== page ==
Review: Hamnet by Maggie O’Farrell

hamnet maggie ofarrell

Rating: ★★★☆☆

Categories: Historical Fiction

A young Latin tutor—penniless and bullied by a violent father—falls in love with an extraordinary, eccentric young woman. Agnes is a wild creature who walks her family’s land with a falcon on her glove and is known throughout the countryside for her unusual gifts as a healer, understanding plants and potions better than she does people. Once she settles with her husband on Henley Street in Stratford-upon-Avon she becomes a fiercely protective mother and a steadfast, centrifugal force in the life of her young husband, whose career on the London stage is taking off when his beloved young son succumbs to sudden fever.

A luminous portrait of a marriage, a shattering evocation of a family ravaged by grief and loss, and a tender and unforgettable re-imagining of a boy whose life has been all but forgotten, and whose name was given to one of the most celebrated plays of all time, Hamnet is mesmerizing, seductive, impossible to put down—a magnificent leap forward from one of our most gifted novelists.

This is one of those books that are difficult for me to rate, and the more I think about it now that I’ve finished it some days ago, the more I find things I actually enjoyed. Maggie O’Farrell’s writing is beautiful, you can absolutely see how much effort she put into the craft, creating a world so detailed you feel like you’re in it. This gorgeous, atmospheric and rich world comes to life in every page and has at the same time almost the feel of a fairy tale, with a wild child main character, the evil stepmother, a forest and one character who’s possibly not really human (Rowan). However, the level of detail and the extent to which the craft seems to have been perfected to achieve the effect of a masterful writing felt incredibly overdone to me. It has several pages detailing, for example, how a flea lived in a monkey and it got all the way to Agnes’ home and infected her child with the plague. Pages! Of a flea travelling the world! The plot does not move forward for nearly 250 pages at all. You learn in the beginning that Judith has gotten the plague and from what you know of the synopsis or history, you know what happens in the end. So this book is not so much about the plot, but the journey, the writing, the character development and so on. I don’t particularly mind that the plot does not move at all, and I think for a reader who adores her writing style, this book will be a hard 5 stars, but I was exhausted by it.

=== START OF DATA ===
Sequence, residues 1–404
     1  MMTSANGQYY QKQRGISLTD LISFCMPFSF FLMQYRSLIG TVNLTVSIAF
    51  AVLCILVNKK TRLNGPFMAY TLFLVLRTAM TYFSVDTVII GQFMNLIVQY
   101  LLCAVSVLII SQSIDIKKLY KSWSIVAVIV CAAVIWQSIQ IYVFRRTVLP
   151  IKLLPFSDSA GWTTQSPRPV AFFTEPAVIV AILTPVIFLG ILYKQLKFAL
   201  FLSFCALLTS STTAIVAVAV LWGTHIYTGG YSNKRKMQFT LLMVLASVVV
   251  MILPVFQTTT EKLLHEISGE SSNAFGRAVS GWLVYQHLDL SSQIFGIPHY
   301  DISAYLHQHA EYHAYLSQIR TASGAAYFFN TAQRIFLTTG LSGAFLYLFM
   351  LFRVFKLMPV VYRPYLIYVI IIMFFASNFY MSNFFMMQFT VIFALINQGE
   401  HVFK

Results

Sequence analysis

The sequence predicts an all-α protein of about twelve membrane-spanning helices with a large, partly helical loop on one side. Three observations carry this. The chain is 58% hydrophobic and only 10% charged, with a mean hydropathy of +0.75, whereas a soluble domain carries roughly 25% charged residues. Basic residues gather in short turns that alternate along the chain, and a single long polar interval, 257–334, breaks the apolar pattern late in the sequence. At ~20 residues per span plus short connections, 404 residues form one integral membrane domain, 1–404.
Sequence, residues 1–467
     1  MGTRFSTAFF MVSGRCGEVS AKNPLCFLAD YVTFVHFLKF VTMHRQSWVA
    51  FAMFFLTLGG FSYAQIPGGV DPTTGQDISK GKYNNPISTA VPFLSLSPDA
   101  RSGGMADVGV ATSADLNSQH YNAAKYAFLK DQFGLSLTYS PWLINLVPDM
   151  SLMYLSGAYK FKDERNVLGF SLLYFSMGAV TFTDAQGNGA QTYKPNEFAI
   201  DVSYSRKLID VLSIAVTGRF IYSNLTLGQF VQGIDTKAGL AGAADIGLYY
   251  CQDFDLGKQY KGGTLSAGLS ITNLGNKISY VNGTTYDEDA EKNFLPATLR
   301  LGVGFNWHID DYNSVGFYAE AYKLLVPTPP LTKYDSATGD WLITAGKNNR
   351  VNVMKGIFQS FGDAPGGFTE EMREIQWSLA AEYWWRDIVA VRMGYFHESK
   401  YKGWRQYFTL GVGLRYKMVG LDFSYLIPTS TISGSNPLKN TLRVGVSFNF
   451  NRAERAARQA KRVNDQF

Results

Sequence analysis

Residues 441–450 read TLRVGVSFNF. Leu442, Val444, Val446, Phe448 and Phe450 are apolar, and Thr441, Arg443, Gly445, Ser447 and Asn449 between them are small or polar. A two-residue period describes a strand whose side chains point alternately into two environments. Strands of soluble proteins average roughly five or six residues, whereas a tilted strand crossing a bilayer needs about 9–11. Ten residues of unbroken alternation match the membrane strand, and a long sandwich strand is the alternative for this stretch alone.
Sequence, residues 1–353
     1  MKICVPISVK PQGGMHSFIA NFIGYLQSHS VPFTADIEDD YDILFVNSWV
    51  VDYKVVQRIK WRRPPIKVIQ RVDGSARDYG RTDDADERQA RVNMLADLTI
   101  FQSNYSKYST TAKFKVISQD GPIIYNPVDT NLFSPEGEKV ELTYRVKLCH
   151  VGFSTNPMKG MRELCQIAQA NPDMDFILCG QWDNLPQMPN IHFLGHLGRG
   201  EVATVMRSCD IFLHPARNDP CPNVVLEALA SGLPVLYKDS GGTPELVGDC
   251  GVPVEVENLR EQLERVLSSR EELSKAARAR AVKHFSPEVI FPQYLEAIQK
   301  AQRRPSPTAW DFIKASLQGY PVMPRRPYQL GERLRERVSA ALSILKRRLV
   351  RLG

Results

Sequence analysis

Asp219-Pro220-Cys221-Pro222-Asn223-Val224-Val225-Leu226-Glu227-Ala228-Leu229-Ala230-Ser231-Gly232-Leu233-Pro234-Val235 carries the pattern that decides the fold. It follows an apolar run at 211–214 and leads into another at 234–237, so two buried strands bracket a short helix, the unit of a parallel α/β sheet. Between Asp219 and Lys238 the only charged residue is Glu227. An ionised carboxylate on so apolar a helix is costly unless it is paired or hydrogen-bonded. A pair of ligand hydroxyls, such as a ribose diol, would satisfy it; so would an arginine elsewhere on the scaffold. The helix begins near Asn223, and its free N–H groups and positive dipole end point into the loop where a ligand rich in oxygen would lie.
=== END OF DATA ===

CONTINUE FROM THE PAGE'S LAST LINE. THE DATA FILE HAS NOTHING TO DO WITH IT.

To me, the writing did not come off as seamlessly incorporating the details of the character’s life and their world into the story. It all felt worked on and crafted to a point where I would see what the writer was trying to achieve, instead of just immersing myself in the story, and be very conscious of those writing choices and what I was supposed to be experiencing.

The Wild Child trope is normally a hit-or-miss for me, and it started off very much as a miss with Rowan and Agnes being so clearly odd characters that did not seem to try to blend in at all with the society they live in. While I understand that for Rowan (who seems to be more a forest creature than a human), for Agnes it felt a bit too much for most of the book – but that improves as we see the humanness in her, her flaws through her daughter’s eyes and her mistakes. The wildness in her is made more human throughout the book, which I appreciate. It gave the book an interesting magical realism feel (which I adored).

In the end what made it a 3-star reading for me, despite all the praise I can give to this book, is that I felt the entire time that I was reading it as a chore, and it never truly felt like something I wanted to pick up. It was like reading boring but relevant books in High School, that I had to interpret and think about what the author was trying to do here and there, instead of sitting down and enjoying the book. The dense, rich world building of Shakespeare’s England may work for some people, but it annoyed me.

I have the feeling that fans of Ken Follet’s books will actually like this one very much. It’s an interesting time in history, and it shows an interesting side of William Shakespeare through the lenses of the women in his life. A mixture of fairy tale elements and hints of magic inserted in such an interesting world, and such beautiful writing make for a unique book, and even if it’s not a book I loved, it’s a book I admired.

4 thoughts on “Review: Hamnet by Maggie O’Farrell

  1. Great review! I felt very similarly. I found it an enjoyable enough read, but I don’t think it’s remotely prize worthy. Like you said, the writing was “beautiful” but in a way that was so obviously laboured, and both the drawn out misdirection with Judith and the supposed revelation concerning the naming of the play at the end were so pointless. Call me harsh, but I really think the bulk of its success is rooted in people’s love of Shakespeare and the virus parallels 🙊👀 As a piece of historical fiction without those draws, it is hugely underwhelming.

    Liked by 2 people

    • I absolutely agree and I don’t think you’re being harsh! Yes it’s a good book and the writing is great if you enjoy the style. And yes, why drag on about Judith when the synopsis literally tells you she doesn’t die??

      Liked by 2 people

  2. Pingback: Thoughts on the Women’s Prize for Fiction 2020 + the Winner Hamnet by Maggie O’Farrell | Naty's Bookshelf

  3. Pingback: Women's Prize for Fiction 2020: Winner Announcement & Concluding Thoughts – Books and Bakes

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